In Manhattan, Kan., the site of National Bio and Agro-Defense Facility is still just a huge hole in the ground nearly a year after the initial ground-breaking.
But there has been some progress. In December, the U.S. Department of Homeland Security, which will operate the huge animal disease lab if it is ever completed, got title to the land when the city of Manhattan officially deeded over the 47-acre site. It’s a move that supporters hope will breathe new life into the beleaguered lab.
Congress has frozen funding at $90 million amidst questions of security and necessity. And some question whether the looming fiscal cliff and pressing budget debate are distracting Congress from what may seem like a low priority item.
Ron Trewyn, vice president for research at Kansas State University, said in an interview that the questions “have the potential to create issues,” but that he’s confident “there is a commitment by (the Department of Homeland Security) to move forward.”
Trewyn referred to comments by DHS Secretary Janet Napalitano to Kansas Sen. Jerry Moran in a Senate hearing a few months ago.
During the hearing, Napalitano told Moran that an NBAF-like lab was, in her words, “critical” to protect the U.S. from emerging and easily transferrable pathogens. In answer to the Moran’s questions, she said DHS would partner with Kansas to get the Level 4 lab built in Manhattan.
The secretary’s statement came just a couple of months after scientists with the National Research Council issued a report that raised significant questions about the lab. While the report affirmed the necessity for a top security lab to protect the nation’s food supply, it questioned the scale of the proposed project. Scientists found that the $1.1. billion lab could be scaled back, and that it could well work in tandem with existing labs around the country.
But K-State’s Trewyn said subsequent studies indicate altering the current plan isn’t cost- effective. He said that it had been “pretty much confirmed that (there’s a) higher cost of trying to redesign rather than going forward with what we already designed.”
But the controversy over the lab just seems to escalate. Opponents -- including ranchers, scientists, and residents of Manhattan -- continue their efforts to stop it.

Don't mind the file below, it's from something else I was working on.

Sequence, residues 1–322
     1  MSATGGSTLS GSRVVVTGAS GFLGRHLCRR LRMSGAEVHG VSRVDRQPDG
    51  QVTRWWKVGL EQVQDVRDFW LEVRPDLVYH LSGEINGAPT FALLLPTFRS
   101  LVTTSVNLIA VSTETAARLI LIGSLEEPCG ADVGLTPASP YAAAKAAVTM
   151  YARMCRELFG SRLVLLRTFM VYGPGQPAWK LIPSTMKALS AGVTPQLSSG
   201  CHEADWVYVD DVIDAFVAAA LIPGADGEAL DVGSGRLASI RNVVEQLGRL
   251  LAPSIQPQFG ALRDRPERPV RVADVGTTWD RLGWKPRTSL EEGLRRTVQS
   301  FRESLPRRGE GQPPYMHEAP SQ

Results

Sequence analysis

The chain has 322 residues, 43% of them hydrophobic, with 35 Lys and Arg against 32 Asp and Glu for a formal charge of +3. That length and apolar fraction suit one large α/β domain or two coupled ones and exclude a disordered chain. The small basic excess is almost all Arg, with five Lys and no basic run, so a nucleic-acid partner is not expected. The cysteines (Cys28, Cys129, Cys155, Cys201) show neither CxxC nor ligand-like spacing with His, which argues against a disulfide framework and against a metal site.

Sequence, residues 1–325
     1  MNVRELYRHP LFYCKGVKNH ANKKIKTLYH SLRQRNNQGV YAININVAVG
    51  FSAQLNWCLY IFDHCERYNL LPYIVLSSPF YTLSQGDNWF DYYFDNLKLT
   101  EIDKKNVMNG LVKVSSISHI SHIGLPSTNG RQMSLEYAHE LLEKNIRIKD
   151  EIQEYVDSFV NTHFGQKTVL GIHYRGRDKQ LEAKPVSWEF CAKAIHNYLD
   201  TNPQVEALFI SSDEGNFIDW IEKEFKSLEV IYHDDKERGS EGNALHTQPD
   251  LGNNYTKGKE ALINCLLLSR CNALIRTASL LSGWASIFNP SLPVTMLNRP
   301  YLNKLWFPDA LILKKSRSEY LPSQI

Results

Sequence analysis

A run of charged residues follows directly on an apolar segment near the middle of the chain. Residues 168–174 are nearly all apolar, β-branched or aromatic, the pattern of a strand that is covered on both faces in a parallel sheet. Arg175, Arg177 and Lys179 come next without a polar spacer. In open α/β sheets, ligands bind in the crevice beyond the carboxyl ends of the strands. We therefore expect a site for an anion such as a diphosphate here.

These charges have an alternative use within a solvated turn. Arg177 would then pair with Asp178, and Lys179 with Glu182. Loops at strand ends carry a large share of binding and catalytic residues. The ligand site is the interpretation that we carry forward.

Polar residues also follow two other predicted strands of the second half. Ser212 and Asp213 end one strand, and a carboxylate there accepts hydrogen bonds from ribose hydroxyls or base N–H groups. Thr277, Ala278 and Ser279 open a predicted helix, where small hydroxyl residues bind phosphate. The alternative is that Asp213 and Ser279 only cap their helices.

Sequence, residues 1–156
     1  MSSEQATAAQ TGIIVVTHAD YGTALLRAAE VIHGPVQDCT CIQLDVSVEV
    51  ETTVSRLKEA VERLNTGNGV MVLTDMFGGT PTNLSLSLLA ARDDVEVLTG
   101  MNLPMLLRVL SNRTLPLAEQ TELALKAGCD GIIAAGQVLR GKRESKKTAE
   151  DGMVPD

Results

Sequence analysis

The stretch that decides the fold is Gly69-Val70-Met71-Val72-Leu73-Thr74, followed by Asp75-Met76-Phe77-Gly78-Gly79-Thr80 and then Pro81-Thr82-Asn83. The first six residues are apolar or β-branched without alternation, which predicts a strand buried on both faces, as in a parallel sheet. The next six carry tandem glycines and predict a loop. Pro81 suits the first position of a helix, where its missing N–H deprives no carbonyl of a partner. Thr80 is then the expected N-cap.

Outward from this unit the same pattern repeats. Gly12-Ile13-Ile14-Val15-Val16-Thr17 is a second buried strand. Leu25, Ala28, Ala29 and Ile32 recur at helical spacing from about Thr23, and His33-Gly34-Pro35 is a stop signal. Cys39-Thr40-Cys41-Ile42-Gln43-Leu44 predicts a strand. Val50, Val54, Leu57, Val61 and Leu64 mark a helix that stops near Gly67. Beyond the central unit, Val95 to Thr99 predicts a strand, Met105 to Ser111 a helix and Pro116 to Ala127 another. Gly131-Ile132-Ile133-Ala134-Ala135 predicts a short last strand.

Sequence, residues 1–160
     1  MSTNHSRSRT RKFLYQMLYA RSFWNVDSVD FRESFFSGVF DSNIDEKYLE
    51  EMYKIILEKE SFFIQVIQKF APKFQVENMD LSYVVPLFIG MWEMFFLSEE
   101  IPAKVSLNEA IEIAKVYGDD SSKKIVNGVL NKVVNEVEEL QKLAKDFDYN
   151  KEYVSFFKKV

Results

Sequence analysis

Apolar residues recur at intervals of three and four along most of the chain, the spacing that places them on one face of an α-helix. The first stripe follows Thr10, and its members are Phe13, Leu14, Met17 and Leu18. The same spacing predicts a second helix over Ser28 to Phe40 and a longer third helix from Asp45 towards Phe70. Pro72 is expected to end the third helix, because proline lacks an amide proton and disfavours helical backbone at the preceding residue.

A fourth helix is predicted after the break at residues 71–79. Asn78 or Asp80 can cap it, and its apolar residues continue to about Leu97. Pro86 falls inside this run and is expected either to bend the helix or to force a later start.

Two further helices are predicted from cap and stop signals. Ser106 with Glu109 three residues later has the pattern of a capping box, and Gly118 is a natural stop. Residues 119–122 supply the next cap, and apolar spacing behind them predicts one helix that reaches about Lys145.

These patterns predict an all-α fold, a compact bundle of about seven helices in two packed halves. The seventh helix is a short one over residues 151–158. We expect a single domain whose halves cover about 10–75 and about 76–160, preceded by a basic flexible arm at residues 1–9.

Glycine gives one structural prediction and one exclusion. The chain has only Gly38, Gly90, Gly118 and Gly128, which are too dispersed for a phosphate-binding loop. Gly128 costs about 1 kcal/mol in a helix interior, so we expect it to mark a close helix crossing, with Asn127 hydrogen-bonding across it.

Gary Conrad, a resident of Manhattan and a biologist at K-State, recently begged the Manhattan City Commission not to transfer the land to DHS. Speaking as a citizen and not on behalf of the university, Contrad said “the approval of NBAF is step by step, and if you gentlemen decide not to approve this step, that would stop it.”
Some members said they shared Conrad’s concerns about security at the lab but believed the project way “too far along” for Manhattan to make a difference.
Commissioner Wynn Butler said “…you got the federal government saying all the experts claim it will work, in spite of my reservations and yours…and the state government seems to believe it and that’s why I just don’t think it’s the city commission’s place to derail this at this point. It may never get built in the long run but that’s going to depend on Congress.”
Kansas has made $150 million in bonds available to begin construction of a power plant on the site, but Congress has not been so forthcoming.
Last year’s funding was slashed from $150 million to $50 million, and there is no new federal money in the pipeline right now. Kansas Sens. Pat Roberts and Moran didn’t return phone calls for this story. U.S. Rep. Lynn Jenkins, whose district would house the NBAF, emailed an upbeat but non-specific statement saying the project will be in good shape once DHS has the land.
“It is likely that DHS will be able to release the $40 million that was appropriated in FY 2011 along with the matching funds from the state of Kansas to begin the construction on the central utility plant early next year,” her statement read.
Jenkins, others in the Kansas Congressional delegation, and statewide supporters of the NBAF point out there’s another reason to believe NBAF will be built in Manhattan.
They say research already going on now at the Biosecurity Research Institute adjacent to the NBAF site, will transfer to NBAF. Scientists at the Level 3 lab are studying African and Classical Swine Fever, and Rift Valley Fever. The BRI building is named after Sen. Roberts, and was a major part of the incentive package Kansas offered to win the NBAF.
As controversy and budgets slow progress on the NBAF project, the director of the BRI, Stephen Higgs said it’s possible NBAF won’t be built.
He also said research will continue at the BRI whether NBAF comes on line or not.